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CABO SAN LUCAS, Mexico—
If you walk down the right side street, the offers are plentiful, even in broad daylight. Young men in plain T-shirts draw near and call out their wares: Pills. Cocaine. Guns.
But if you wave them away and go just a few feet farther, you can walk into a pharmacy where you might get something just as dangerous.
You just won’t know it.
A Los Angeles Times investigation has found that pharmacies in several northwestern Mexican cities are selling counterfeit prescription pills laced with stronger and deadlier drugs and passing them off as legitimate pharmaceuticals.
In Tijuana, reporters found that pills sold as oxycodone tested positive for fentanyl, while pills sold as Adderall tested positive for methamphetamine. Testing conducted farther south in Cabo San Lucas and nearby San José del Cabo bore similar results, although there, even weaker painkillers — including pills sold as hydrocodone — also tested positive for fentanyl. Many are nearly indistinguishable from their legitimate counterparts.
In total, the Times investigation found that 71% of the 17 pills tested came up positive for more powerful drugs.
A team led by UCLA researchers recorded similar results in a study last week, but this phenomenon has otherwise gone largely unnoticed. The new findings could represent a dangerous shift in the fentanyl crisis.
Until now, it was unclear that the powerful synthetic opioid had made its way into pharmacy supply chains. Even though Mexican drugstores are known for selling a wide range of medications over the counter — many of which require a prescription in the United States — experts generally believed those pills were at least what store owners said they were.
Now, that’s no longer a safe bet.
“Whenever you have counterfeit products that contain fentanyl, you are going to have people use them and die,” said Chelsea Shover, a UCLA researcher and the study’s senior author.
That’s because consumers — including U.S. tourists — who unknowingly buy these adulterated pills are at a higher risk of overdose when they ingest drugs far stronger than what they’re expecting. But how often that happens is impossible to tell.
Experts who study the effects of illicit drugs in Mexico say the country’s mortality data vastly undercount overdose deaths, which makes it difficult to understand the scope of the problem. While more than 91,000 people died of overdoses in the U.S. in 2020, Mexico reported just 1,700 fatalities that year from all drugs, including alcohol.
Fewer than two dozen of those, according to the data, were from opioids, compared with more than 68,000 opioid overdose deaths in the U.S. that year.
It’s unclear whether authorities in either country are aware of the problem. Carlos Briano, a spokesperson for the U.S. Drug Enforcement Administration, said in a statement, “We refer you to Mexican authorities on this issue.”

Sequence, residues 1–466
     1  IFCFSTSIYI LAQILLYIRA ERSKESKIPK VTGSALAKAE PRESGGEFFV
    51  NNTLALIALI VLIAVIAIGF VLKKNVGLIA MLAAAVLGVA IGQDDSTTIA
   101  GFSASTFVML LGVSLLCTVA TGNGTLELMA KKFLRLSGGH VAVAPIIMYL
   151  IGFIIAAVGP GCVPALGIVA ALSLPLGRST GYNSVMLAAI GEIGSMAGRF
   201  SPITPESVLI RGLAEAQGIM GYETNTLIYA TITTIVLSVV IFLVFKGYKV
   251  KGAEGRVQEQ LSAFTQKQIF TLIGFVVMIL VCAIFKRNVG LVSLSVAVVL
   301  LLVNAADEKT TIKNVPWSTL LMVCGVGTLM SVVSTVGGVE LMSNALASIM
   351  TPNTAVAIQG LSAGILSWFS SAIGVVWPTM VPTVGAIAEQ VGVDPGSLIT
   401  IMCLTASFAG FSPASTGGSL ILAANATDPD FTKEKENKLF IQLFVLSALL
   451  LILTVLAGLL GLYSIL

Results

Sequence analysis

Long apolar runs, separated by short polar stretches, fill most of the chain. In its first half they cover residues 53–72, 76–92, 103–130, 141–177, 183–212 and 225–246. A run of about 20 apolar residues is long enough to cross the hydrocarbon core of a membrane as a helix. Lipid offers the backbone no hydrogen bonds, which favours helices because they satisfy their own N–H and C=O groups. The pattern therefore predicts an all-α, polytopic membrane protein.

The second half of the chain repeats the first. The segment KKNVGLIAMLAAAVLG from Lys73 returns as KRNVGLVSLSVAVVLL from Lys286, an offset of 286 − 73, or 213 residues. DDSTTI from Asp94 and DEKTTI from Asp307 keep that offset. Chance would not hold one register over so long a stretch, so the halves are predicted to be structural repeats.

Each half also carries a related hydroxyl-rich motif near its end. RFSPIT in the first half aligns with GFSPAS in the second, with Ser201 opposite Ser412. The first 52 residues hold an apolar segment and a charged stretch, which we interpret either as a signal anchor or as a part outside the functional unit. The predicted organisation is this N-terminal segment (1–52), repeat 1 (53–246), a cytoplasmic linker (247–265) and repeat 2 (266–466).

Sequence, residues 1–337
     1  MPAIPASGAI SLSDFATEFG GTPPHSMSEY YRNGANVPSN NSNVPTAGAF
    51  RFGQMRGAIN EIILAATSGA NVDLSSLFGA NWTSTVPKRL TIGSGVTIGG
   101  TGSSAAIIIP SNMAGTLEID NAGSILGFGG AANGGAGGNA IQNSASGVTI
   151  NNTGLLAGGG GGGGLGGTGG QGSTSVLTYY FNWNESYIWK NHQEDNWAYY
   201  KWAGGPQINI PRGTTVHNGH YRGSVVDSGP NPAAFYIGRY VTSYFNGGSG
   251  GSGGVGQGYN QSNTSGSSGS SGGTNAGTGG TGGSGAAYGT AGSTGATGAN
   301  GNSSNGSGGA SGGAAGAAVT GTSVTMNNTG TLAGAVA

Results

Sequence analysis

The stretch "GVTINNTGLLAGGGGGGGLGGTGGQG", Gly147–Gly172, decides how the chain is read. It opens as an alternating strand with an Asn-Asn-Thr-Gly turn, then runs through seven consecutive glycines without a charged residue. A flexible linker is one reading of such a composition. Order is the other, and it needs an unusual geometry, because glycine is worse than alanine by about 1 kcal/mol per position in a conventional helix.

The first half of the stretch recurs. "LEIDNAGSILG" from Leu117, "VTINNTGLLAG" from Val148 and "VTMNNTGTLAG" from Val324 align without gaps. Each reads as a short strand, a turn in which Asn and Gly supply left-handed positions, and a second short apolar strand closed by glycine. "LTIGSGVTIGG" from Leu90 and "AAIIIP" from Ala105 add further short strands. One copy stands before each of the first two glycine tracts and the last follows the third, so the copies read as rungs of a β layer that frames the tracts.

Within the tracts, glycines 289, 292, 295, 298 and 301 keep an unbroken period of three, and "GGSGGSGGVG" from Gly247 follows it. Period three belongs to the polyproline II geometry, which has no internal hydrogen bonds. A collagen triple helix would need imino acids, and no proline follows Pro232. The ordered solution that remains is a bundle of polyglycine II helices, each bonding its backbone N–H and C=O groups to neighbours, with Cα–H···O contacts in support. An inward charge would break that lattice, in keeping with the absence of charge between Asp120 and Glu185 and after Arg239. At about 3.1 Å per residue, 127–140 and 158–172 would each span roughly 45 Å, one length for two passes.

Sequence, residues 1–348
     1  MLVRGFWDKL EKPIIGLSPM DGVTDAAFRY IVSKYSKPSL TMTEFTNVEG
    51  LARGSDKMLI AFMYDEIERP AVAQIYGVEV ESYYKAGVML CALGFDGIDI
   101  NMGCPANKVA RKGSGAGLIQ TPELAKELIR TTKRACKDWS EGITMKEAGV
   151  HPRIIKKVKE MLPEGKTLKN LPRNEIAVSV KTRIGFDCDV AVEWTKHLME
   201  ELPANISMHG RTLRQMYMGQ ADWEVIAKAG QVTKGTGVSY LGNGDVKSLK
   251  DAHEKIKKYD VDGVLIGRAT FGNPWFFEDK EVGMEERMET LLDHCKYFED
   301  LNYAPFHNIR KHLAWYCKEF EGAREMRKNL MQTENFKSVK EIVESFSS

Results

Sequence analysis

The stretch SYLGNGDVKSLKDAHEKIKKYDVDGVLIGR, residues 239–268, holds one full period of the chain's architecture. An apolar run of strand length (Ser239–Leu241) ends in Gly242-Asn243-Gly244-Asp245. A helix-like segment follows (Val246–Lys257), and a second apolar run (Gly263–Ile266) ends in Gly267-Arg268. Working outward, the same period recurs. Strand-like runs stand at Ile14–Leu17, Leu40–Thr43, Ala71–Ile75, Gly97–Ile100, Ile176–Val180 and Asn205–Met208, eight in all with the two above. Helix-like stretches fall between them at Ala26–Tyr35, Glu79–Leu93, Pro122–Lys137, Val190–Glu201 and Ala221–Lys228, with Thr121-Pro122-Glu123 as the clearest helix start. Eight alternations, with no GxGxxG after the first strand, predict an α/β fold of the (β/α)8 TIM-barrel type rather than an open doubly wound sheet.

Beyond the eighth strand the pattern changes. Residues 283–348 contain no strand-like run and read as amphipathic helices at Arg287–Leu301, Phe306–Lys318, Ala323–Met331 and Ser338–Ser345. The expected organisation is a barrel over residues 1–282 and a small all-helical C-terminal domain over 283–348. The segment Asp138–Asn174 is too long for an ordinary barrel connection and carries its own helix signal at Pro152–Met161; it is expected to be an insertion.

The U.S. State Department and the White House’s Office of National Drug Control Policy did not comment in response to detailed phone and email inquiries. Multiple local and national government agencies in Mexico also ignored requests for comment.
Death, made in Mexico: Traffickers embrace fentanyl
The synthetic drug is the leading culprit in the U.S. opioid epidemic. Most comes from Mexico, where traffickers have embraced it over heroin.
U.S. Rep. David Trone (D-Md.), who co-chaired the U.S. Commission on Combating Synthetic Opioid Trafficking, called the findings of the Times investigation “extremely concerning” in a statement.
State Sen. John Laird (D-Santa Cruz) described the findings as “really shocking.” Last year, he sponsored legislation that made it easier for California pharmacies to distribute any new opioid reversal agents as soon as they are federally approved.
“These places are close at hand, and Americans travel to these locations, and they are at risk in a way that wasn’t apparent before,” Laird said. “And I think that as this story comes out and we learn further details we’re going to have to look to see if there’s any state legislation that needs to be looked at to follow up.”
Fentanyl has been infiltrating the illicit drug supply for roughly a decade, since traffickers seized on the synthetic drug as a cheaper alternative to traditional opiates — and one with a higher profit margin.
The U.S. Centers for Disease Control and Prevention has described fentanyl as up to 50 times stronger than heroin. A dose as small as 2 milligrams can be fatal. Unlike heroin, making it doesn’t require the space or expense of a sprawling poppy field — only a lab and the right chemicals.
When the drug first appeared on the street, it was often mixed into illicit powders. Then, it began appearing in counterfeit pills made to look like the real thing. Getting one of those pills still required a willingness to engage in illicit street deals.